Citizen experience, policy agility and data

Every one of us now expects excellent customer service wherever we go – be it at our local supermarket, on a banking app or when buying something online. Personalised experiences are also customary, from companies remembering our personal details on return visits or receiving a one-time SMS code when we forget our password.

This is largely due to a recent heightened focus and investment into improving customer experience across various sectors, and government services should be no exception.

If citizens cannot connect to the appropriate government portal as easily as they can to Facebook or LinkedIn, or they cannot make a routine payment as seamlessly as Amazon’s ‘1-Click’, they will leave frustrated.

What sits behind this is seamless, synced experiences powered by a single customer view. For example, when someone registers a driver licence it’s possible to use their details in other helpful ways, such as pre-filling future government forms or sending them a helpful SMS reminder to renew their car registration.

Ordinary people: Citizen experience of government services can be greatly improved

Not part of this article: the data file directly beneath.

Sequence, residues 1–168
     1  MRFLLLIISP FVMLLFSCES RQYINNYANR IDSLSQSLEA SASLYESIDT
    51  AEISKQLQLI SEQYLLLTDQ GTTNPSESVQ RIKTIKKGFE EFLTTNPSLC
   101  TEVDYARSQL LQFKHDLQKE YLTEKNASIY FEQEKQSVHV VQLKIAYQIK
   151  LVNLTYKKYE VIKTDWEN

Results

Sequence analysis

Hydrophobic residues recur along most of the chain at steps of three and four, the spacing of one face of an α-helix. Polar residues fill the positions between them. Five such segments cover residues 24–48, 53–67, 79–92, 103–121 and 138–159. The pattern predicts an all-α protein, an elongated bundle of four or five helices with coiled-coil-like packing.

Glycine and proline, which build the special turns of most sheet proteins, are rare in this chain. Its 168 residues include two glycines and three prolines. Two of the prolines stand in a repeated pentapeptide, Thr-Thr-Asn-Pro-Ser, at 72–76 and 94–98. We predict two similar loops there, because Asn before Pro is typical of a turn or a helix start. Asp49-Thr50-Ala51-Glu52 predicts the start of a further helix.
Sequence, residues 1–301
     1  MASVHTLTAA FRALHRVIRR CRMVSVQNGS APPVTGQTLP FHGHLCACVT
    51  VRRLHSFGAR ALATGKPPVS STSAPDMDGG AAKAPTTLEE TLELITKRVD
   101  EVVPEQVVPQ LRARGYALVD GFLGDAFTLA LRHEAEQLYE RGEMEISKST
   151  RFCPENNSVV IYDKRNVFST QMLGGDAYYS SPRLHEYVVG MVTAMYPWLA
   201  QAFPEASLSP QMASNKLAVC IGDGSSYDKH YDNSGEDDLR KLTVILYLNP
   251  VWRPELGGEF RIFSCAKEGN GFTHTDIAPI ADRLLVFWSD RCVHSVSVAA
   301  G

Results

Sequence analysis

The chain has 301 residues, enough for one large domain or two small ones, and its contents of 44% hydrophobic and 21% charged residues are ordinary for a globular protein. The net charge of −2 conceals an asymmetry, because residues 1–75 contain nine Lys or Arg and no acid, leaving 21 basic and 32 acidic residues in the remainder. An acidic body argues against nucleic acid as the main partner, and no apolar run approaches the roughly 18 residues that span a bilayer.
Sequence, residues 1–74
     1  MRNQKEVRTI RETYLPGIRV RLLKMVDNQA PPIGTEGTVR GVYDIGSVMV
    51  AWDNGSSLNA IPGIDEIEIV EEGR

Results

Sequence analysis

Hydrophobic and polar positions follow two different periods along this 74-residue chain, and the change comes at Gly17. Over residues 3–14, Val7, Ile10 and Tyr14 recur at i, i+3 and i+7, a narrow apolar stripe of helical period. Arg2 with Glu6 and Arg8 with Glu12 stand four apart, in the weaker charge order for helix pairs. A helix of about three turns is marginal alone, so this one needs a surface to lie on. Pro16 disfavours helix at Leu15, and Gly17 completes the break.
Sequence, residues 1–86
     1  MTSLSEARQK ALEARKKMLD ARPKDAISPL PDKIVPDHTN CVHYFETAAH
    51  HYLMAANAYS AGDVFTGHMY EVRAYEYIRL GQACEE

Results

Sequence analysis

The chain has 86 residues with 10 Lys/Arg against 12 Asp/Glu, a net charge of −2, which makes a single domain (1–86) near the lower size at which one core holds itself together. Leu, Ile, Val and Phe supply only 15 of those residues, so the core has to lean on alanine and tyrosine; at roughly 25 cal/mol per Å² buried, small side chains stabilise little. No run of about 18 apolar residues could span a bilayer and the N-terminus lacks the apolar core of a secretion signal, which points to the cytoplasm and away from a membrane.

This is applicable for all government services. From registering a birth to applying for government support, these moments in life should not be a burden. As Stuart Robert has said in recent weeks, getting assistance should be simple. Meaning government systems should be helpful and intuitive, centred around transparent processes that respect people’s time and circumstances.

Even more so when something like COVID-19 or the devastating bushfires hits – the ripple effect is huge and those affected should not need to battle any further problems.

Mr Roberts confirmed that government is “well under way” to enabling a personalised citizen experience and providing access to information and services in one place, across all Government levels and structures.

There has been a huge amount of work completed so far, to the extent that the United Nations ranked Australia second top in their 2018 E-Government Development Index, which assesses governments’ ability to deliver public services digitally.

Technology is at the core of this, enhancing the use of citizen data and enabling the execution of legislative changes with greater agility and speed.

Leveraging citizen data

This concept of a singular view of a citizen is not entirely new to government services. Sharing of data between departments, agencies and third parties is becoming more prevalent – examples being the ATO pre-filling PAYG data in tax forms or data sharing with the National Disability Insurance Agency. However, there is more that can be done to help deliver the high-quality experience citizens expect.

For example, the ability to share and use household fire risk data could help improve bushfire response effectiveness and aid in the design of bushfire prevention. Or take COVID-19 – imagine if the spread could have been accurately tracked from the very beginning by data sharing between immigration, airlines, states and councils.